Now You See Him…

755843_goodbye-1by Rebecca Fullan

I have trouble relating to the Ascension. It seems a little cheap magic tricky. And also a lot unfair. Forty days later, forty days, there’s some weird thing with a cloud and he’s off again. Less blood this time, less horror and cross-clinging, but really.

I asked Rachel, my partner in potentially criminal theology, what to write about on this topic, and she asked what happened to Jesus’ body in the whole Ascension thing. I said it went with him, that this was part of the point. So I’m gonna think about bodies-and-spirits together, the things they do together, the things they do with/in Jesus and with/in us—because today, for me, that is the mystery of the Ascension.

On the subway, on my way home tonight, I remembered to bless the time I had with these bored and tired strangers. To peer, for a moment, at the shape and flow that had pulled us into contact with each other. To give them my best, with my eyes and my stance, for we might never meet again. I watched their bodies. I thought of the Hindu practice of darsan, which I have been taught to understand as both seeing and being seen by God, by Gods, by a holy person. I practiced a weird darsan on the subway, blessing and being blessed by eyes that looked away from mine, by worn faces and clutched umbrellas. This was the moment of all of us together, and I branched out.

On the way to the subway, there’s this shelter-thing. It’s a perfunctory wooden structure, three walls and a floor. There’s always somebody in it, somebody ragged with whom I do not wish to think about mutual blessing. On one of the inside walls it says, written in marker, “It is Jesus who loves us, not the church.” Today the man inside smelled terrible. The kind of smell that reaches inside and twists my stomach. My disgust—in my body, for his body– is visceral and not-to-be-escaped. It was the moment of us together, and I recoiled.

You know that saying, “You make a better door than a window?” It’s an oddly poetic chastisement for being in the way, saying, “I can’t see through you,” that always made me nervous about my own solidity. Being body-and-spirit, I think, is being door and window. God and human. This and that and the other thing, too. It is always being both in the way and on the way.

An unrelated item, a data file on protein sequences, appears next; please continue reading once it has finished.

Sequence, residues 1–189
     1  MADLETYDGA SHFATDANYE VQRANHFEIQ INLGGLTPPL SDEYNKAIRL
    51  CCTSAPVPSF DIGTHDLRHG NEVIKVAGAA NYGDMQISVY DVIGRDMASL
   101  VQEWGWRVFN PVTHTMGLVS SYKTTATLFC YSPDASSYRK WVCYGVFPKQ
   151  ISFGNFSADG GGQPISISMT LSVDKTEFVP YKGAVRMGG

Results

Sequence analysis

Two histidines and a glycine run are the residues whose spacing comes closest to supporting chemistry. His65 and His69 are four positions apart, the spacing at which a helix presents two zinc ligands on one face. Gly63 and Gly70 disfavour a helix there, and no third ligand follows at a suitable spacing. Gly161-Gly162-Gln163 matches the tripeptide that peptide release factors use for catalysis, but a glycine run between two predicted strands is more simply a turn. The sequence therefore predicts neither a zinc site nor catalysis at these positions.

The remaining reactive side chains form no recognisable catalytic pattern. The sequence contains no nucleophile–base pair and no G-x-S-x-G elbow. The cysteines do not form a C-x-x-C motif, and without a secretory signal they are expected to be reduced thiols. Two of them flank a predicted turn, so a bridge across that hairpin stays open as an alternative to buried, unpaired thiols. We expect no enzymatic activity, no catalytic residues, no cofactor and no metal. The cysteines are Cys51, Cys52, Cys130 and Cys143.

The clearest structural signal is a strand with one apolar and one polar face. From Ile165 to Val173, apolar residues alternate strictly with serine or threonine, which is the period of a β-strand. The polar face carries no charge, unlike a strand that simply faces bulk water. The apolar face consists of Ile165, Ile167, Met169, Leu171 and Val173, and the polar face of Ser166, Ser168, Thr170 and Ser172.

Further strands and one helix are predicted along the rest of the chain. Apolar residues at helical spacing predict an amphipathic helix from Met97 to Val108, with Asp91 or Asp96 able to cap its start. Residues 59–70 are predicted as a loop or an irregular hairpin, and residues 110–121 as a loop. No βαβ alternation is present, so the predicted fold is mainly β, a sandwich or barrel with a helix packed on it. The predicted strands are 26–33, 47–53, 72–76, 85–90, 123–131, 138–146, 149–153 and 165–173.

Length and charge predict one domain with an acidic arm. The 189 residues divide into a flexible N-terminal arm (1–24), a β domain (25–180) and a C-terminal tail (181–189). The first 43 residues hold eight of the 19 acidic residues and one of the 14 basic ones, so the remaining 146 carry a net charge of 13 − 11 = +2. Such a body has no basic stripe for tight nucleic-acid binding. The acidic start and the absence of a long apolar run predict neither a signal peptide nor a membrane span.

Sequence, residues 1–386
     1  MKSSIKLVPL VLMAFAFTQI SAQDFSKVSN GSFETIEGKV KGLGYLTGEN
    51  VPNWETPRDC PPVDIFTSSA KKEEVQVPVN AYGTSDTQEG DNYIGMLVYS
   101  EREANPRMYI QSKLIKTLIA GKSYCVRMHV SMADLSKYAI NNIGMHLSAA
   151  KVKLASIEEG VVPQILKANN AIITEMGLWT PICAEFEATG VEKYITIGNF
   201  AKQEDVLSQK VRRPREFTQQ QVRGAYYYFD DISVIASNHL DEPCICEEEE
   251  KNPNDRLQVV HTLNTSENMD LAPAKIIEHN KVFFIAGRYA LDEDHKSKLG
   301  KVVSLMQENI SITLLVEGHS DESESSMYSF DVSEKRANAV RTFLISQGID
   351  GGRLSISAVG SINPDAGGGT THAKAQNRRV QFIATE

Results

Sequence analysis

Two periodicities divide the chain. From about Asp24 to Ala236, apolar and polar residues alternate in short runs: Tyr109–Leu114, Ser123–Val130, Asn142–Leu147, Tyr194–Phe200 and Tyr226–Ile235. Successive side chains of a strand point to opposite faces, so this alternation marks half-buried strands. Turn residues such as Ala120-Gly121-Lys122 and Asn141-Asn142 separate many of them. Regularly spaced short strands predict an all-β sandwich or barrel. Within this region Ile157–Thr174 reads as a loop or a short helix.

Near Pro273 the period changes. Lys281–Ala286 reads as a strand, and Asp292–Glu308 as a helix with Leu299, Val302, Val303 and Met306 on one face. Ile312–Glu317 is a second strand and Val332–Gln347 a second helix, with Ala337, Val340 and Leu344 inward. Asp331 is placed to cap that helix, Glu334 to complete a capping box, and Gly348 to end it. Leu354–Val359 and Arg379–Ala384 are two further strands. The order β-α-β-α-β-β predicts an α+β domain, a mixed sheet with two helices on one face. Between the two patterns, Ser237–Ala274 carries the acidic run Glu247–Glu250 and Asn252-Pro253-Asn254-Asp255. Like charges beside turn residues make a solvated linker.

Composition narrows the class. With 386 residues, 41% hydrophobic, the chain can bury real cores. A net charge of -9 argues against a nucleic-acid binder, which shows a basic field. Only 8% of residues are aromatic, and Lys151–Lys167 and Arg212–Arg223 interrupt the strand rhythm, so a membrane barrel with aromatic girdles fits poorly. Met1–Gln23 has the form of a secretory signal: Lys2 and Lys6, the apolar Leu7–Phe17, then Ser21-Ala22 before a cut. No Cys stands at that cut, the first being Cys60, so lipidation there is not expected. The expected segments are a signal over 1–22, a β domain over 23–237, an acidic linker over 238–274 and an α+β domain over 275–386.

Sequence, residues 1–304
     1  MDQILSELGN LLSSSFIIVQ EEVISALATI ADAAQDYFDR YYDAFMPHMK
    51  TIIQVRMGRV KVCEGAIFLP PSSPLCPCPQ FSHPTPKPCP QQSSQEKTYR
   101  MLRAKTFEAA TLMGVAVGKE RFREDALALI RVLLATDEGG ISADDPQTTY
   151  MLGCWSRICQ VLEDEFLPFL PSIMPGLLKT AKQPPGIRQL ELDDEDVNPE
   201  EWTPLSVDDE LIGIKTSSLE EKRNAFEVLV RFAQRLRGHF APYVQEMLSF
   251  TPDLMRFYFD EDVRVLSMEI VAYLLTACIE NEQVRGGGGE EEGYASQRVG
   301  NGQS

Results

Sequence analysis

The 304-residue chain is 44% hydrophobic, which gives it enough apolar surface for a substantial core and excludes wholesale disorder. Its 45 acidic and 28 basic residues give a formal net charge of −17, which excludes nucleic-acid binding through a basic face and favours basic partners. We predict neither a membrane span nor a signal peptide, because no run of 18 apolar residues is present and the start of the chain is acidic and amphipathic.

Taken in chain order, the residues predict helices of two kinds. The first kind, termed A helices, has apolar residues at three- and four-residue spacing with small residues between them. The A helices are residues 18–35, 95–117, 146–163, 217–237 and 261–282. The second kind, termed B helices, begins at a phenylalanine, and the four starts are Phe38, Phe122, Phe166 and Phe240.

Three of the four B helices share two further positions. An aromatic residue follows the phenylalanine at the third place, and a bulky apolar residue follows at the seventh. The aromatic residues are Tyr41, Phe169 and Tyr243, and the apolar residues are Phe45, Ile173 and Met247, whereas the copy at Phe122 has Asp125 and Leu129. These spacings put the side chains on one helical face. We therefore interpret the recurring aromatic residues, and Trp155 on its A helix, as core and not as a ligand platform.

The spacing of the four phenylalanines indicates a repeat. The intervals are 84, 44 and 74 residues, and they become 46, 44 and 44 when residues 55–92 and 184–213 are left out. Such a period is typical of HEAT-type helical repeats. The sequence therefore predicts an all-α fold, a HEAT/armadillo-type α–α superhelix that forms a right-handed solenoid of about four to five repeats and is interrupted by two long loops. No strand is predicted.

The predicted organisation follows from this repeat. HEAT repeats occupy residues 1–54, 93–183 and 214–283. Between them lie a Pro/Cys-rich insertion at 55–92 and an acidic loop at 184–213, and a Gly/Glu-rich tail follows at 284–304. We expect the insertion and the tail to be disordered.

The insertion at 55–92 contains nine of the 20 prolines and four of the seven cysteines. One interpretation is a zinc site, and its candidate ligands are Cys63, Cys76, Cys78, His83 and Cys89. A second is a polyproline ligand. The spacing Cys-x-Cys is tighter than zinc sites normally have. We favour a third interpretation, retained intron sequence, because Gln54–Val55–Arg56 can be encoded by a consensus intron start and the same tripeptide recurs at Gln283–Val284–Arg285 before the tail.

And what does it mean to ascend, with/in that body-and-spirit?

I still don’t know. But perhaps it’s somewhat about dissemination. About why I meet Jesus all over the place, in all kinds of bodies. He ascends, but like all the rest of it, I dare to hope this is not what it appears to be. He may be more Emmanuel than ever. And where he has gone, he calls us to follow. Be body-and-spirit in all places. See, and be seen. Move, and be moved.

It’s gonna be some trick, if we can pull it off.

Peek-a-boo! Rebecca Fullan sees you!


5 Responses

  1. What started out with you feeling like you had trouble relating to the Ascension ended with such a beautiful insight into what we are called to do by Jesus by the Ascension. Yes. Emmanuel! We are to be Jesus’ body and soul. He lives in us and we in Him! While overwhelming because we are “left” to do His work, it is amazingly possible if we remember that God is in us and we are in God and equally important to remember always that God is in each and every one of us. Keep looking for Him in the least of your brothers and sisters. Thank you for the important insight and reminder. Lots and lots of Love, Mom

  2. Rebecca:

    In reading your recent blog entry about the Ascension, I must say I only know what I have seen in the movies and heard on overly long Sunday masses or watched in Twilight Zone episodes where the guy with the pencil cup turns out to have the wisdom of the ages. If god is everywhere as we are taught, then the ascension should be with everything.

    We should see rocks flying towards heaven (be sure to duck), and the lyrics of Lennon and Eminem (be sure to duck there as well) followed by a Johnny Damon home run and the little girl in the front row who never knew I existed in the back row. Not just people, I’ve been told but living breathing things (though I do not know of people for the ethical treatment of grass). Whenever I get overwhelmed by life, which is frequently, I try to remember that God is all around us, ready to do those footseps in the sand things until I can handle it myself.

    I know he thinks I’m pushing it but just a little longer and I will be able to deal with life. What? he says, albeit gently, you need a little adversity to prove to yourself that you can do it. Of course, his idea of adversity and mine are vastly different.

    I try to honor everyone and everything. To do less, would make his job so much harder. Maybe once in a while it can be my foosteps in the sand?

    Your comments aim high and provoke thought. There can be no higher calling.

  3. Let’s start a club. The Potentially Criminal Theology Club. Or maybe we’ve already started that one….

  4. Becky, thank you SO MUCH for this piece. You have such a way of capturing things that I wonder about into beautiful, poetic phrases that simultaneously leave me with a sense of wonder and awe and challenge the hell out of me.

    Can I join your club? 🙂

  5. Hehe, I can’t imagine a PCT Club I could be in without you in it, too, Kate!

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